Trabeculectomy And Phaco-Trabeculectomy With And Without Peripheral Iridectomy
Kaplan-Messas A, Cohen Y, Blumenthal E, Avni I.
Eur J Ophthalmol. 2009 Mar-Apr;19(2):231-4.
Department of Ophthalmology, Assaf Harofeh Medical Center, Zerifin, affiliated with the Sackler Faculty of Medicine, Tel Aviv University, Tel Aviv – Israel. firstname.lastname@example.org
PURPOSE: To compare the 1-year outcome of trabeculectomy and combined phaco-trabeculectomy that were performed with or without a peripheral iridectomy (PI).
METHODS: In a large tertiary glaucoma clinic, with a single surgeon performing all surgeries, 47 patients scheduled to undergo either a primary trabeculectomy or phaco-trabeculectomy were prospectively randomized to surgery with or without peripheral iridectomy. Other than the inclusion (PI group) or omission (no PI group) of a PI, surgical technique and postoperative care were identical for the two groups. The two groups were compared for intraocular pressure (IOP), success rates, visual acuity (VA), and complication rates. Complete and qualified success rates were defined as IOP 18 mmHg or less with or without medications, respectively.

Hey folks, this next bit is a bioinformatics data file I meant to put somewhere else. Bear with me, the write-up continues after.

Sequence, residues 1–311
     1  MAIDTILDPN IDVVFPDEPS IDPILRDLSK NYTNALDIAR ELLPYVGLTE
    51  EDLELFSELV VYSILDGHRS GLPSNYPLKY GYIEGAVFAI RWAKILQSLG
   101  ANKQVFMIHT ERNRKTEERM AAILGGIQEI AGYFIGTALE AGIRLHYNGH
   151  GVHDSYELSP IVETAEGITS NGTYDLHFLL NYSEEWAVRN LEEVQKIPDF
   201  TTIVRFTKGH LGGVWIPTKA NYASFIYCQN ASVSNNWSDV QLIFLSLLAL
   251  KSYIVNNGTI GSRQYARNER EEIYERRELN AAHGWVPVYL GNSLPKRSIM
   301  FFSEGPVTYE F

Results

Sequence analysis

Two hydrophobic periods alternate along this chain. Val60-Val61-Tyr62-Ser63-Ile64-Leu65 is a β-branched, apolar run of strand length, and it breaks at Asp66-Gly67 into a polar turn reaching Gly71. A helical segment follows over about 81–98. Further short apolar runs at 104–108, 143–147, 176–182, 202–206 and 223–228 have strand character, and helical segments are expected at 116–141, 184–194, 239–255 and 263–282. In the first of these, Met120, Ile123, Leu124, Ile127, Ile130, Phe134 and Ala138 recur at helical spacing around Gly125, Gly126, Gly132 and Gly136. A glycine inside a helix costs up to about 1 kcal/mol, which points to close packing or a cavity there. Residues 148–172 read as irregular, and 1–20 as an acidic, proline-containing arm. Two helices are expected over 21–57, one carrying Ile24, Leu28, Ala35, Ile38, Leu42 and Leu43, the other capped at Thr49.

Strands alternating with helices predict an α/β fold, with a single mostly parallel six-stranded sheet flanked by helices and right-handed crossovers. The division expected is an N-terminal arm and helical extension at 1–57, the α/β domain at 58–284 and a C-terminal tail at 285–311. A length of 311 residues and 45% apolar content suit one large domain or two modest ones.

RESULTS: The 1-year complete and qualified success rates were comparable for both groups. Complete success was observed in 70% of cases, and qualified success in more than 90%. One patient (4.3%) from the no-PI group developed an iris incarceration into the internal sclerectomy site on postoperative day 1, requiring surgical intervention. No other significant complications (blebitis, endophthalmitis, or choroidal hemorrhage) were encountered in any of the study patients.
CONCLUSIONS: This randomized prospective small scale study explored the possibility of sparing the need to perform a routine PI in trabeculectomy and phaco-trabeculectomy. These preliminary results suggest that the outcomes in the two groups are comparable, paving the way to a larger scale study evaluating the need for PI in modern trabeculectomy surgery.